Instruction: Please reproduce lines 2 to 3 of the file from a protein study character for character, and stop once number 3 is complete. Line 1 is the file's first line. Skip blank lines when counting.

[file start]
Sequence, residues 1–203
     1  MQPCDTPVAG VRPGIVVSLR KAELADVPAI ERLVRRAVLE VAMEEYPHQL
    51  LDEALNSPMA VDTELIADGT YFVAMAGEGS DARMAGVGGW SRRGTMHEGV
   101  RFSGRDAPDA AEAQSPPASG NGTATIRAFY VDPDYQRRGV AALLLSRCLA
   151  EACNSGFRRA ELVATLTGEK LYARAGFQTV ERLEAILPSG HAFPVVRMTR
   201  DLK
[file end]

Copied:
     1  MQPCDTPVAG VRPGIVVSLR KAELADVPAI ERLVRRAVLE VAMEEYPHQL
    51  LDEALNSPMA VDTELIADGT YFVAMAGEGS DARMAGVGGW SRRGTMHEGV